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ALBA George Watt Memorial Essay Contest


May 10, 2010
History is one of the most popular college majors pursued by college students across the country, second only to business. It’s only natural then that there are a number of scholarships out there for future historians, academics, and educators. This week’s Scholarship of the Week is the ALBA George Watt Memorial Essay Contest, an award for history majors particularly interested in Spanish and world history, presented by the Abraham Lincoln Brigade Archives. Scholarships as specific as this one typically have fewer applicants than sweepstakes or awards based on broader criteria, so your chances of landing this one if you meet all of the qualifications are greatly increased. If you’ve already written essays about the Spanish Civil War, the global political or cultural struggles against [...]
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For some students entering their fifth, sixth, maybe even seventh years of college in the fall, administrators in the California State University system have a message for you: Graduate. Please. You may remember reading about the trouble California colleges and universities in general have had over the last year. Budget problems have forced schools to significantly limit enrollments, placing [...]

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Many of you have probably joked about being “addicted” to your Twitter accounts, cell phones, and other social media outlets. A recent study from the University of Maryland shows that for many college students, that description of their relationship with those tools may not be too far off. The recent study, “24 Hours: Unplugged,” found that at least on the Maryland campus, students hooked on [...]

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May 1 is traditionally the day many students submit enrollment deposits to their intended schools and make their college choice official. For colleges will late and rolling admissions, however, now begins the time to woo students into choosing their school for fall. Despite what you’ve heard about increased competition and limited space at the most selective institutions (and colleges in [...]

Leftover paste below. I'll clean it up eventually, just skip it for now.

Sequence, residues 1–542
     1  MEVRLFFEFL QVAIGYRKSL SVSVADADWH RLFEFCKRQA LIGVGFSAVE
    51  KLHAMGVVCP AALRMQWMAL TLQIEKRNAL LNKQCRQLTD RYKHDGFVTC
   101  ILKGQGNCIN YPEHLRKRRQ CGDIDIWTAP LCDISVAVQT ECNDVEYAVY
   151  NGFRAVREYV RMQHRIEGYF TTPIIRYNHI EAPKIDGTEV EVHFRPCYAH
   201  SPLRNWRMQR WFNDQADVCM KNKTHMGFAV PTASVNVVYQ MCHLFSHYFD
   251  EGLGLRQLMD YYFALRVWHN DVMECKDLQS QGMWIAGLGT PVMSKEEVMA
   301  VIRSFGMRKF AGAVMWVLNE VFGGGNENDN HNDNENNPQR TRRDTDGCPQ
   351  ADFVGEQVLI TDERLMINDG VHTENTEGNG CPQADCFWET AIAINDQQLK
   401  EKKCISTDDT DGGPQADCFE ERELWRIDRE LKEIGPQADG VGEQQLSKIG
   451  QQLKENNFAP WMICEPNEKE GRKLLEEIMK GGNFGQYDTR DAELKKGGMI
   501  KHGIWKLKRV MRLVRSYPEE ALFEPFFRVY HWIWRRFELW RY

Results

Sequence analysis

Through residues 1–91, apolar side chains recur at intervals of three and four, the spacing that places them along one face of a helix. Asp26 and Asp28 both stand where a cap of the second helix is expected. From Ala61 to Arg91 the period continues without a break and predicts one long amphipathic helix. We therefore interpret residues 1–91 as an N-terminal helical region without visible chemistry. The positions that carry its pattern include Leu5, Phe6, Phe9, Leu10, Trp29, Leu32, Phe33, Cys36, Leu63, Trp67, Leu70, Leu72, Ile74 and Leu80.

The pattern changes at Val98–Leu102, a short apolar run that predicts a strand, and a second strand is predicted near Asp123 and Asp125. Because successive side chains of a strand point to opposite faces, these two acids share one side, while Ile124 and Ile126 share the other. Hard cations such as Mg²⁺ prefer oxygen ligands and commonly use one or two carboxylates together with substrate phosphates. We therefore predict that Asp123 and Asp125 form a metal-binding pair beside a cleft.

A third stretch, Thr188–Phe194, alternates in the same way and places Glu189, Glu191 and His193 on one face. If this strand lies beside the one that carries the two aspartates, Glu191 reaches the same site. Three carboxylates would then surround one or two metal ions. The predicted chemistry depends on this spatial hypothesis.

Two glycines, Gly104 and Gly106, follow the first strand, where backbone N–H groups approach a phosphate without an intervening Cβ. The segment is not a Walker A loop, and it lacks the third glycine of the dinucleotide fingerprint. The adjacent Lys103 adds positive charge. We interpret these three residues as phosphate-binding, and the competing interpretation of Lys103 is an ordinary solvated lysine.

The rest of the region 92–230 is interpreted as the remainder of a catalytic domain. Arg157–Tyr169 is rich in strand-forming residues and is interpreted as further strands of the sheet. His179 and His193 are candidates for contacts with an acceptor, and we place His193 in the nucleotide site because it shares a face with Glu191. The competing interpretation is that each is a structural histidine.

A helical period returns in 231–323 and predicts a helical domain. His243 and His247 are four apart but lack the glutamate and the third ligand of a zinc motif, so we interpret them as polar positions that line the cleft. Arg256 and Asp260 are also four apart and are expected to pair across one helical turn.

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It’s late in the semester, and you’ve got final projects and exams staring you in the face. Now seems like as good a time as any to skip class, either to get a jump on the above-mentioned workload, sleep in, or enjoy the warmer weather. Your professor won’t miss you in that big lecture hall, right? Come fall, students at Northern Arizona University may be missed more than usual in those big [...]

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Minority scholarships are one of the more common scholarships by type out there, with numerous organizations looking to make college more affordable for those who may have been traditionally under-served in higher education. Scholarships for Asian students are no different. In honor of May being Asian Pacific American Heritage Month, this week’s Scholarship of the Week is limited to women of [...]

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In the wake of the first lawsuits filed against the Arizona immigration law, the University of Arizona’s President Robert E. Shelton released a letter Thursday describing the effects the law has already had on the school’s admissions. In that letter, Shelton says administrators are worried about the international community on the school system’s campuses. He goes on to say the college will do [...]

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For some of you, next fall will be a fresh start on a new campus, whether you’re transferring from a community college to complete a bachelor’s degree, or whether you were unhappy at your four-year university and needed a change of scenery. You’re not alone. The transfer experience is a reality for about one-third of all students who go to college, according to a report issued this week by the [...]